I wish every day that peace would come, but see wars widening, more bombings, more drones, more migrants. Afghan refugees are joining their Iraqi and Syrian sisters and brothers in fleeing their countries’ war zones.
    Let’s work for peace to break out.

    • You’re quite right, Kathy, that this isn’t a ‘long ago’ topic. There are many, many after-effects of war in today’s world. As you say, there are landmines and other evidence of war in places such as Cambodia. There is also the devastating loss of life from the Vietnam War and the Pol Pot years. All of that has left scars in Southeast Asia. Folks, Andrew Nette depicts that very effectively in Ghost Money.

      It’s also quite true that many veterans don’t get the health care and other services they need, and not just in the US. That’s not a topic for which I had room in this post, but it is an important one, so I’m glad you mentioned it.

      I hope, too, that peace will break out so that we don’t have to continue to try to heal. As you say, it doesn’t magically appear. We need to work for it.

  12. Really interesting to note the varied responses from such different authoirs – from the Golden Age one tends to imagine its all about hardboiled amnesia plots but it clearly registered much more widely. Thanks Margot.

    • Glad you enjoyed the post, Sergio. I think it’s interesting, too, the way that different authors have depicted the case of the returning veteran. There’s a lot of vareity in veterans’ situations, and I’m glad that diversity’s captured in the stories about them.

  13. Kathy D.

    Glad you mentioned the sympathy towards WWI veterans in The Paying Guests by Sarah Waters. Another book that stresses this is Blow on a Dead Man’s Embers by Welsh writer, Mari Strachan, author of The Earth Hums in B-Flat. It appears that there were no government programs then to help veterans.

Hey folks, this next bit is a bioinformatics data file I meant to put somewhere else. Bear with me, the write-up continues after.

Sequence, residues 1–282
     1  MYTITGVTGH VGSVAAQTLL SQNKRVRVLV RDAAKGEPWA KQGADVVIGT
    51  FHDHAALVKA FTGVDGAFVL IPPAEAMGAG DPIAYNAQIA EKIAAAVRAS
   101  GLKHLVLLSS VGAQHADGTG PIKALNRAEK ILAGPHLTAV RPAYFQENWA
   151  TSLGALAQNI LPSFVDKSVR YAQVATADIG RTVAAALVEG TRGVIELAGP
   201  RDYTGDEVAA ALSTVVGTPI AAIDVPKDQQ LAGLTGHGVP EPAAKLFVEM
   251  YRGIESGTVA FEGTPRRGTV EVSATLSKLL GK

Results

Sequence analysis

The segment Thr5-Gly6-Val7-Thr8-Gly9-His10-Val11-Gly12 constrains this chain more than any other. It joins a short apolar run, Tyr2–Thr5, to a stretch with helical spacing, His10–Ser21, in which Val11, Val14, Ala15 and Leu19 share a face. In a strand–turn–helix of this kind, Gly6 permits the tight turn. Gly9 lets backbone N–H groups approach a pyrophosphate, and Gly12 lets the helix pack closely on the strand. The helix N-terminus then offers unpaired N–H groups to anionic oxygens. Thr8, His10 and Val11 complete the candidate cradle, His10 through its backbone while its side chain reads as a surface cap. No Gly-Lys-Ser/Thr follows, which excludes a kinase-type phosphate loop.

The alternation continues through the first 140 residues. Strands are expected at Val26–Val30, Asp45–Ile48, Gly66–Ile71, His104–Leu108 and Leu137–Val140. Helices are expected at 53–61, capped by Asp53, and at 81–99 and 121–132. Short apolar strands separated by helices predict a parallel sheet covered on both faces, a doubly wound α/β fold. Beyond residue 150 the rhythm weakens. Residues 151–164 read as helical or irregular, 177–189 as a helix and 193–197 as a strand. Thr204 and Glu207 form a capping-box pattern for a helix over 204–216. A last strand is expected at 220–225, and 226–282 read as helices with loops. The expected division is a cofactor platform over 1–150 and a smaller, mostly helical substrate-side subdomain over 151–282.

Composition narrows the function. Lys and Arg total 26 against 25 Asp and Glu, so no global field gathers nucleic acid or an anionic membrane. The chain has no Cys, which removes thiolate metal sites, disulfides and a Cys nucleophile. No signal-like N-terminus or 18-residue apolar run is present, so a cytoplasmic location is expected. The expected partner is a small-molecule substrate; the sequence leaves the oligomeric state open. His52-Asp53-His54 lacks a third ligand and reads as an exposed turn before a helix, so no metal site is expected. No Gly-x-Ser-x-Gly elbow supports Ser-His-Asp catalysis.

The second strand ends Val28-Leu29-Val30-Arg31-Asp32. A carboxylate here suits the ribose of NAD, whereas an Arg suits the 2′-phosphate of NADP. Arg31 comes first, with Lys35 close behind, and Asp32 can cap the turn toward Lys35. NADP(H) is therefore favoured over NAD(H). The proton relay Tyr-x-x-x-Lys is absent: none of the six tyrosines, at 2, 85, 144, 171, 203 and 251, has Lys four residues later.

• That’s a well-taken point, Kathy. There weren’t coordinated programs for WWI veterans. What’s more, psychology and psychiatry weren’t as developed as they are now. So there weren’t the opportunities for veterans that there are now.

  14. Kathy D.

    True and there were tens of thousands who had what was then called “shell shock,” but which we call post-traumatic-stress disorder. i don’t think there were jobs for veterans either or housing, as Sarah Waters and Mari Strachan point out.
    Oh, well, here there are many homeless and jobless veterans now.

    • There certainly are, Kathy. And as you say, that was a problem after WWI, too. At that time, we had even less understanding of PTSD than we do now, so it was much harder to address.

  15. Kathy D.

    Oh, and a friend of mine who is a wounded Vietnam war veteran with shrapnal in his legs and PTSD. He was drafted and his going to war wasn’t a choice. He said he didn’t find as much “hostility” to veterans as some people claim. Nor did his VA buddies. He said it’s played up in movies and books, but it was not that prevalent.
    When he got out of the military he joined the anti-war movement then.
    His slogan as he recently reminded me was, “Support the veterans, not the war.” I think it’s a good one.

  16. Keishon

    Excellent post Margot and you mention some great novels. I’ve always wanted to read Jacqueline Winspear’s novels. Never was the point hammered home more to me than watching the movie, Hurt Locker about what life is like in the war and after they leave the war. That difference is so stark and I understand why some return because in that world they are important and have an important job/mission to do and not to mention the camaraderie and respect they have but at home. . . .they feel like they are not so important and are not needed. It’s sad. I won’t even go into the problems that veterans have when they return home. It’s a mess.

    • It really is, Keishon. I think we need a comprehensive and systematic way to meet the needs of our returning veterans. As you say, even those who aren’t physically injured have a lot of adjustment issues with which they have to cope. They have completely different roles when they return from service, and they’ve been through an intense, sometimes awful experience. Little wonder some of them have so many challenges.